This novel is definitely very action-driven. Jude Houghton is certainly not an author who is afraid to shed the blood of his characters. On the contrary, we see some point of view characters replaced by new ones as they are killed off. Because of this, there is no surety about who will live or die. The pace is fast with one thing happening after another in quick succession, with little time to process the event or to explore the aftermath. This did seem a little overwhelming at times but, at others, it kept the reader engaged in a world which is very much bleak and laborious. So much of the world is made up of people who don’t necessarily know where their next meal is coming from. There are situations like groups of people employed to crawl around and cut the grass by hand because it’s cheaper to use human labour, which due to over-population barely cost anything than power. There are situations where manufacturing projects that will kill millions of people are seen as good, because they are economical with no use of safety equipment and because they reduce some of the high population. In this world, though, people might be skeleton thin but they all have a pair of iNet glasses giving them access to the net. This world is so mind-blowingly bleak and messed up that you need a fast pace to plough you through it a considerable amount of the time, otherwise it would just become mind-blowingly unfixable and boring.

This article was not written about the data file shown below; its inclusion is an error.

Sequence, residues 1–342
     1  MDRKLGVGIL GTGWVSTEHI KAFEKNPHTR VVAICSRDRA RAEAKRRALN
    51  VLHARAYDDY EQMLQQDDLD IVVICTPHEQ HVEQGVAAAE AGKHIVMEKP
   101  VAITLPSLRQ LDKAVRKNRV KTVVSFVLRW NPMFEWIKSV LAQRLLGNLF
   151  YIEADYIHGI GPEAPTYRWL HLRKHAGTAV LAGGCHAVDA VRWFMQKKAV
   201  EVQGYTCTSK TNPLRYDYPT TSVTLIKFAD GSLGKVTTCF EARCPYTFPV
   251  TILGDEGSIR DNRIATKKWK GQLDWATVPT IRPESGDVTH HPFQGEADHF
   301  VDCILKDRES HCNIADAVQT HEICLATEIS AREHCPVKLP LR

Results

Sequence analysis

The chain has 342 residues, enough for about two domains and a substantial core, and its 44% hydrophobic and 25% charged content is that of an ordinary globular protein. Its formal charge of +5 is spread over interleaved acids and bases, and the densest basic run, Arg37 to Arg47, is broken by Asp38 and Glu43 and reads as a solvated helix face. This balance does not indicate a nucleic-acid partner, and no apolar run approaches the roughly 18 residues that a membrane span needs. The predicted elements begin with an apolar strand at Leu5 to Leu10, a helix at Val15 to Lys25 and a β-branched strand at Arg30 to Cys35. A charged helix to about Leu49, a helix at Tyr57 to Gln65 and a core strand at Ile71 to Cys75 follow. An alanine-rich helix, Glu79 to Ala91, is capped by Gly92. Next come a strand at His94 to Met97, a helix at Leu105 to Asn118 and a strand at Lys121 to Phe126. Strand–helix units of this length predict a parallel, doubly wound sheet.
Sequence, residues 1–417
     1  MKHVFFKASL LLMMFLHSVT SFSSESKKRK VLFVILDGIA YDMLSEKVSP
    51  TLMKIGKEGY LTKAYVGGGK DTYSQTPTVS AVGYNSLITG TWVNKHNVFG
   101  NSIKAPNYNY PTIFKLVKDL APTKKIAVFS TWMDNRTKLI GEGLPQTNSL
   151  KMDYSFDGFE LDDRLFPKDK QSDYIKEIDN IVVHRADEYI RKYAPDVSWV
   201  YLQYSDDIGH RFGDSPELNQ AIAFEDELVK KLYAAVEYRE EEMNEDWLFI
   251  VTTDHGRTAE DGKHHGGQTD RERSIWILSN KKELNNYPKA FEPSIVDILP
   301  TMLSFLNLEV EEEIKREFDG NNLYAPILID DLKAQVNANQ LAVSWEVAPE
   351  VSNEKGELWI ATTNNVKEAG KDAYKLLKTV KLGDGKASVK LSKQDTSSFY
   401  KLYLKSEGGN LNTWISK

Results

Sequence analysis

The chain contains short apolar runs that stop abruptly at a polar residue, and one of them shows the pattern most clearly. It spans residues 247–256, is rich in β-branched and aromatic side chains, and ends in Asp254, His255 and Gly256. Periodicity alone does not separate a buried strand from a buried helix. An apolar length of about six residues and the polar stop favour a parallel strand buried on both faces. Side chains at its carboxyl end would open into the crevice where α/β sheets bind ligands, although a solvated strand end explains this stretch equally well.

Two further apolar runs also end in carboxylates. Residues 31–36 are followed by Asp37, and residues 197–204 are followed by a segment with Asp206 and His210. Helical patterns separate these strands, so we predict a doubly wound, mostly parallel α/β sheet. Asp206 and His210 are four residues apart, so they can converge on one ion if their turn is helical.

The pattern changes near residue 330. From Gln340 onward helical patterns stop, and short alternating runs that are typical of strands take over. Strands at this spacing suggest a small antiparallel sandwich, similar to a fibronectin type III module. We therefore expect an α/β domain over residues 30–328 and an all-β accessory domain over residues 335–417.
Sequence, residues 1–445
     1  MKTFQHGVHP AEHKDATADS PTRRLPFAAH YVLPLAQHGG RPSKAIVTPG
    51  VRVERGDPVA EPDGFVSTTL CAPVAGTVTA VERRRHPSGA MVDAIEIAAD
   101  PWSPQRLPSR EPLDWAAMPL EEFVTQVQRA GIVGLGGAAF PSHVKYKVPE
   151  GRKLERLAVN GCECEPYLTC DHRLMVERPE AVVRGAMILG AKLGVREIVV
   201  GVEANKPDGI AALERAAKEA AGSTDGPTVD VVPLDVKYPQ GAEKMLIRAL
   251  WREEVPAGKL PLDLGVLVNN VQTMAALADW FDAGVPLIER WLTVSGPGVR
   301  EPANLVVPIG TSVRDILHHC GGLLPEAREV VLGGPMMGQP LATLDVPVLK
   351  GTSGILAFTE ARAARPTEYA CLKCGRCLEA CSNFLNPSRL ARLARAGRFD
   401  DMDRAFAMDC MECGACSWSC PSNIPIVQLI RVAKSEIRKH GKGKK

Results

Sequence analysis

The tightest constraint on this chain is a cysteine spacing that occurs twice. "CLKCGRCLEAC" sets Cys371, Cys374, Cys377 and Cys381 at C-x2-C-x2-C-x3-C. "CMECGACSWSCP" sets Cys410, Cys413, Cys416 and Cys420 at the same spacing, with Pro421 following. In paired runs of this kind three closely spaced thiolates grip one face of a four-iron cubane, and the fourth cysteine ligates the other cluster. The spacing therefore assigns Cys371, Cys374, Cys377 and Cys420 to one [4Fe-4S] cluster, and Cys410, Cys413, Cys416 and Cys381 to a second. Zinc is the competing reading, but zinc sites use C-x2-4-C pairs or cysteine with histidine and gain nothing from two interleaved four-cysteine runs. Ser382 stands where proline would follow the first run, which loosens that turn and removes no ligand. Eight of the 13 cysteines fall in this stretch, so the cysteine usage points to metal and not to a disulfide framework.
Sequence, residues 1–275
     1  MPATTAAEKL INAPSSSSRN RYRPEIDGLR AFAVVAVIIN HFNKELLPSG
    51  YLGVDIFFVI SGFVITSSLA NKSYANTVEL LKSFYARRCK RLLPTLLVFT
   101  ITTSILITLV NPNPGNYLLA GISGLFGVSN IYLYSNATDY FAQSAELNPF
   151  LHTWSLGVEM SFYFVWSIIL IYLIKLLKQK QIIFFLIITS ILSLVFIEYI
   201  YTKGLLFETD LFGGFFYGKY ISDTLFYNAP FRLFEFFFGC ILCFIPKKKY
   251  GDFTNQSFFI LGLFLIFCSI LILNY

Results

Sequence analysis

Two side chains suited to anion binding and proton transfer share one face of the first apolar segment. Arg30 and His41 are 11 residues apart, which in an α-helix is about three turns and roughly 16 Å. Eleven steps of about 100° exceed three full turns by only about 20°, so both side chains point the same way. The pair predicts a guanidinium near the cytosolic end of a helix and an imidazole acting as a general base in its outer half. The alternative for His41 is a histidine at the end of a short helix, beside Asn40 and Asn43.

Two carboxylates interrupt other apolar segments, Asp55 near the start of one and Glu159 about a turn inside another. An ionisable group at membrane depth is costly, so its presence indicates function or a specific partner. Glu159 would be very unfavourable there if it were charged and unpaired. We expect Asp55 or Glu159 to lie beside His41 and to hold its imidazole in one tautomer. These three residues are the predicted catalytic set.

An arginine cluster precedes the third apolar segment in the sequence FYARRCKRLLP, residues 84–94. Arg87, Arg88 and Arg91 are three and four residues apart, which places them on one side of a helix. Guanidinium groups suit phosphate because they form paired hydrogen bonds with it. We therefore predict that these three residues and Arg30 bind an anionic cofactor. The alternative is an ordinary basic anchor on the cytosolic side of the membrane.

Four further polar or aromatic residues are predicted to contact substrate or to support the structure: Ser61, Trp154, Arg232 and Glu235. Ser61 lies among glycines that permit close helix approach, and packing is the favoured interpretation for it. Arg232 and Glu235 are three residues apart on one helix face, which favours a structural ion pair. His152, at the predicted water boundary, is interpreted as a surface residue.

The fast pace also fits really well with our main character, Balmoral Murraine. She has a very logical mind with little emotion. She has a fit for computer coding, which is very powerful in a world where so much is controlled by computers. Everyone, from the age of one up, has a pair of glasses called iNet glasses, which give them access to the Net. They can browse as we do these days on the Internet as well as playing games, which including virtual reality simulations. So, in this world, a hacker like Balmoral Murraine can be pretty powerful. Because of her being so logical, though, it makes her quite a complicated viewpoint character, as her thought patterns are very different from those of most humans. I think Jude Houghton pulled off writing a character like her quite well, however, I think the main thing that allowed him to do that was the fact that he was jumping from one bit of action to another.